Almost three years into the COVID-19 pandemic, testing for the virus is becoming less relevant and less common in Canada.
Last February, the federal government eliminated pre-arrival PCR test requirements for travellers and is now ceasing new shipments of rapid antigen tests to provinces and territories.
Although Ottawa and provincial health authorities have millions of rapid tests in their stockpile, demand appears to be waning. Dr. Gerald Evans, an infectious disease specialist at Queen’s University in Kingston, Ont., believes that a gradual transition out of the pandemic into normal life may be contributing to the decrease in demand. As the virus has mutated over time, the emergence of new variants has also reduced the sensitivity of the antigen tests.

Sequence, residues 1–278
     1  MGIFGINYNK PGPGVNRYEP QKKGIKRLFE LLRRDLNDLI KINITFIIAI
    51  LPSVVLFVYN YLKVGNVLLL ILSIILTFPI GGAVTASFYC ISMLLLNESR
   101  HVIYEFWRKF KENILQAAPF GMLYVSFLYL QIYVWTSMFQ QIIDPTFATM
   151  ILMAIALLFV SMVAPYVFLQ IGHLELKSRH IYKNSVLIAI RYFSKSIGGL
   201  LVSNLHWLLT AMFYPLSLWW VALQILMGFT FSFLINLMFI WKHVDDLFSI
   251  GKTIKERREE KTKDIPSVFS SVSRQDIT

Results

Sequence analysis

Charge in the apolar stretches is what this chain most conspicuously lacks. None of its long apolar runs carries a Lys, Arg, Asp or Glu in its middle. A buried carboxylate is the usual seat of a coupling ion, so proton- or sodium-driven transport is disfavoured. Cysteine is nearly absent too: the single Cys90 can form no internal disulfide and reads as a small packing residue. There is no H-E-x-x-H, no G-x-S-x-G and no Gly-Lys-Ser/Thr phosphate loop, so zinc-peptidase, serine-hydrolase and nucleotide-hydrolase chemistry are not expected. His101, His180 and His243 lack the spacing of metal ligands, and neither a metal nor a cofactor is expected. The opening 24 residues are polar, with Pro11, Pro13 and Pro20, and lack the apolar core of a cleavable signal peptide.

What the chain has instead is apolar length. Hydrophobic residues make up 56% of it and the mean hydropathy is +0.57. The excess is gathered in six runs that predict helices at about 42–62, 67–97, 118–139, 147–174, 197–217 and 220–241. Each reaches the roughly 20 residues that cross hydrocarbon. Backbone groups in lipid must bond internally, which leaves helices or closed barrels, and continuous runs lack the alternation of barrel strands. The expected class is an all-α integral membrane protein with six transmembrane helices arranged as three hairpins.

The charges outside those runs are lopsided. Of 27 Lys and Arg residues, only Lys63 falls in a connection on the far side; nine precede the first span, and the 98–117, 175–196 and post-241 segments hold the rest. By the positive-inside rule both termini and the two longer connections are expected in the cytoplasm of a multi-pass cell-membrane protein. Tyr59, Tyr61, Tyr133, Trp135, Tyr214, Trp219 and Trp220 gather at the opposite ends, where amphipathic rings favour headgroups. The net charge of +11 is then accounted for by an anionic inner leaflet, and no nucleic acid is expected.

According to Dr. Anna Banerji, an infectious disease specialist at the University of Toronto, people are using rapid antigen tests less because there is no longer a public health strategy to deal with COVID-19. Dr. Evans added that money is another factor to consider, as these tests are expensive, so there might be less appetite from the government to continue picking up the cost.
Since the beginning of the pandemic, Ottawa has ordered over 811 million rapid tests at a cost of about $5 billion. Approximately 680 million of those tests have been distributed to provinces and territories, where they have been provided for free at pharmacies, grocery checkouts and other locations. Health Canada stated that the decision to end shipments at the end of January was made in collaboration with provinces and territories, as regions have enough.
Health Canada reports that 6.5 million of the 90 million rapid tests in the federal inventory will expire this year. The remaining tests will expire within two years. Dr. Evans warns that accuracy becomes questionable once tests go beyond their expiry date, and anyone with expired boxes of tests should dispose of them.
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